Hey there. Have been doing all my writing whatnot over at The Long Way to Cambodia. Since I have been traveling in Asia for the past three months. I will be mirroring all specific food related posts over here from now on.
Without further ado...
Delhi, like the rest of India, is a bastion of street food. And the number one Delhi street food is, of course, the almighty kebab. Kebab functions as a catch-all word for a dizzying array of meat products on a stick here in India, but rest assured: whatever it is, it will be incredibly tasty. India being primarily Hindu and Muslim, kebabs are almost always made with mutton or chicken - vegetarian variants with paneer (cheese), potato, and mashed vegetables do exist.
Off Sarder Patel Marg, near the Assam Bhavan. (Look for the stall with smoke coming off it, and lots of hungry people sitting on their cars. You can't miss it).
Sheila insisted that we try the kakori kebab at Al Kauser one night, and I was of no inclination to defy her. (I am rarely of such an inclination). Sheila, Rajeev, and myself accordingly jumped into the car, wherein Sheila grandly asked the driver to take us to the Kebab Place, and be quick about it. "It's just a stall, of course, but they are simply the most divine kakori kebabs in town. But it's just a stall, really."
(She was looking for an accomplice, in the dark art of Eating In the Car. We both knew it. And I was happy to oblige).
Al Kauser is a bit of a kebab stall institution, beloved by an entire generation of Delhi-ites for its kakori rolls. The kakori kebab roll, for the uninitiated, is made of ultra-finely cut ground lamb, ground to a fine paste and seasoned with garlic, cinnamon, cayenne, cardamon, cumin, and some other tasty aromatics. The result is an incredibly tender kebab that quite literally melts in your mouth, creating a decadently fatty explosion of flavor in one's mouth. As kakori kebabs are delicate things, they are usually served with ultra thin and buttery roomali roti. Traditional condiments are hyperactively spicy cilantro chutney with green chili, and pickled onions. Mix these elements up together and you've got a work of art. Kakori kebab is a foodstuff entirely suited for eating in your car or while standing up - that's the other beauty of them. And did I mention that kakori kebab is cheap?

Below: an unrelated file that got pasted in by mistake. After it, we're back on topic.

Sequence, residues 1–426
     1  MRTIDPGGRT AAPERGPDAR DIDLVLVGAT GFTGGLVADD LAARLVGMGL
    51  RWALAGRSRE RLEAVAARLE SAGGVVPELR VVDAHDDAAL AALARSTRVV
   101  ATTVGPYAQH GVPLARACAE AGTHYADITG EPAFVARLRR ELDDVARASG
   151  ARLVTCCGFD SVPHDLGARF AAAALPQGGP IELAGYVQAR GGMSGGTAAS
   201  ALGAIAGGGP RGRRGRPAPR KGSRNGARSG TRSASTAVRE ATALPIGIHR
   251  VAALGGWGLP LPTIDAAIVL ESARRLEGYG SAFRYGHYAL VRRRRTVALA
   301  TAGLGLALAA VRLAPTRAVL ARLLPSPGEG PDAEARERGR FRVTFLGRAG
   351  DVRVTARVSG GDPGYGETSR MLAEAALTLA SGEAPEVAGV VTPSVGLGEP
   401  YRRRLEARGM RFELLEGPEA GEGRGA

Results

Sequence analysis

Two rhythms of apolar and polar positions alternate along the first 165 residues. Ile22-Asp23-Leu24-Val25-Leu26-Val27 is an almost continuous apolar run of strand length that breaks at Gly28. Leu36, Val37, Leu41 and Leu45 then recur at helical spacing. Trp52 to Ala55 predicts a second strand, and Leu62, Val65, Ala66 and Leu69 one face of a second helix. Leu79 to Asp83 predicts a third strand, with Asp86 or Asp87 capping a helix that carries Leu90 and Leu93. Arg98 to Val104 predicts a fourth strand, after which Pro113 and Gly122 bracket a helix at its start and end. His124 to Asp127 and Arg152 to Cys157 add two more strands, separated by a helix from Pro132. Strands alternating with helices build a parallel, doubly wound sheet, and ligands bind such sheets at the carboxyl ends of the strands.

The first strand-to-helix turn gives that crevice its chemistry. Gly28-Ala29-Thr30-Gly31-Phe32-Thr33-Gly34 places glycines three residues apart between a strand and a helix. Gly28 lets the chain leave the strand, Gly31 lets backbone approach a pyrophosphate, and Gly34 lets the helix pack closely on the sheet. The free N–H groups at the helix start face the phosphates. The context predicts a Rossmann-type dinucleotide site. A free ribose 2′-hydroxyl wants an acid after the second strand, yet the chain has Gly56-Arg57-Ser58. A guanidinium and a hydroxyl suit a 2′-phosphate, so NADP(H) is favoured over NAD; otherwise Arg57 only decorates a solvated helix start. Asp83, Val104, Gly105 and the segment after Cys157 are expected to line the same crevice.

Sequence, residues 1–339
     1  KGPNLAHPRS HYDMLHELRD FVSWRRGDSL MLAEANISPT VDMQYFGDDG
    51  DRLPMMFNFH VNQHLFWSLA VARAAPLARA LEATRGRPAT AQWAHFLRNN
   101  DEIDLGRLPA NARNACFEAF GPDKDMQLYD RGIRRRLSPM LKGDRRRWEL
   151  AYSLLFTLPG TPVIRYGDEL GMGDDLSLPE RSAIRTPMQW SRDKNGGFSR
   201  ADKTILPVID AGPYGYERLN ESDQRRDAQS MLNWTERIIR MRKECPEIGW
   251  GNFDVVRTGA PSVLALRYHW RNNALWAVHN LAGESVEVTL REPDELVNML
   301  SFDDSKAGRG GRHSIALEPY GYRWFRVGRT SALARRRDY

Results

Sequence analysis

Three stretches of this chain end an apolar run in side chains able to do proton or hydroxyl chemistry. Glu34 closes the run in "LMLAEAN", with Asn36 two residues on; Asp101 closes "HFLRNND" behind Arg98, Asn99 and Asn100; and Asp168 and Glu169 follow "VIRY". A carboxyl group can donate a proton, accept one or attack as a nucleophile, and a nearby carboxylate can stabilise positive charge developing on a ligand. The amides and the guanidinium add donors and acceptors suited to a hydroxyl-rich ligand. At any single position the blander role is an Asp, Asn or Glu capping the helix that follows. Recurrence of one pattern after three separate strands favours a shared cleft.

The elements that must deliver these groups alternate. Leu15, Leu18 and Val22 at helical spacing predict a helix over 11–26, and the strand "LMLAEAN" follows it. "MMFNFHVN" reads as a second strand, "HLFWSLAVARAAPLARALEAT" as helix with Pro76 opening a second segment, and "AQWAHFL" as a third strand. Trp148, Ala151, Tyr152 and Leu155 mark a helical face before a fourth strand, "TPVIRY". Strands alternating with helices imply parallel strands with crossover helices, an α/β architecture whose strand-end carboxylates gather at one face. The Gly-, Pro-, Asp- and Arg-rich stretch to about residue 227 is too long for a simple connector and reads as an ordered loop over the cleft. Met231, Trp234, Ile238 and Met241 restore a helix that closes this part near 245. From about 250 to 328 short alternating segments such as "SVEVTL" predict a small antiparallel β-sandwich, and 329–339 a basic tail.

Al Kauser is best known for its kakori kebab, but they also turn out a popular mutton burra kebab (mutton on the bone with a coating of yogurt and spices). Chicken tikka is on offer for wusses who can't handle mutton, but there's no real reason to bother. (I don't know why people bother with chicken tikka in general). Watching the cooks slap the kakori paste on the table and form it into kebabs at super-human speeds is half the fun. Must not be comfortable to spend all night working in a flaming inferno of a grill stall, but I'm glad they do it. As are a lot of people.
There is something delightful about devouring kakori kebab in the back of a car with a grand dame, dripping cilantro sauce and bits of roomali roti all over the upholstery. Since that is part of the sacred ritual of eating kakori kebab. It must not be abrogated. "God, I do love these!" Sheila commented after we polished off the last batch. She handed me a paper napkin. We both delicately and in a highly lady-like fashion wiped the mutton grease off our mouths. "You have to eat them in the car, darling," she said, as we pulled away. "It can't be done any other way."
Well, I'd concur.
We ended our casual-style dinner at a nearby shopping center, for bhel puri. Sheila has a bhel puri guy there she likes, and the three of us ordered up plates of the good stuff.
A lovely rendition. Plenty of fresh mango and onion, plenty of chutneys. A pleasant overdose of sev and seasonings. Not too dry, not too moist. Crunchier then most. Christ, I love bhel puri.
We adjourned to Haldiram's - one representative of India's ginormous Bengali fast-food chain - to sip on Diet Cokes and watch the locals sink their faces into thalis, samosas, and chaats. Sheila vacillated with the idea of getting some kulfi or some barfi, something like that, but talked herself out of it. "Too fatty," she sighed. "You know that Delhi is in the throes of an obesity epidemic."
Which it is. And we know why.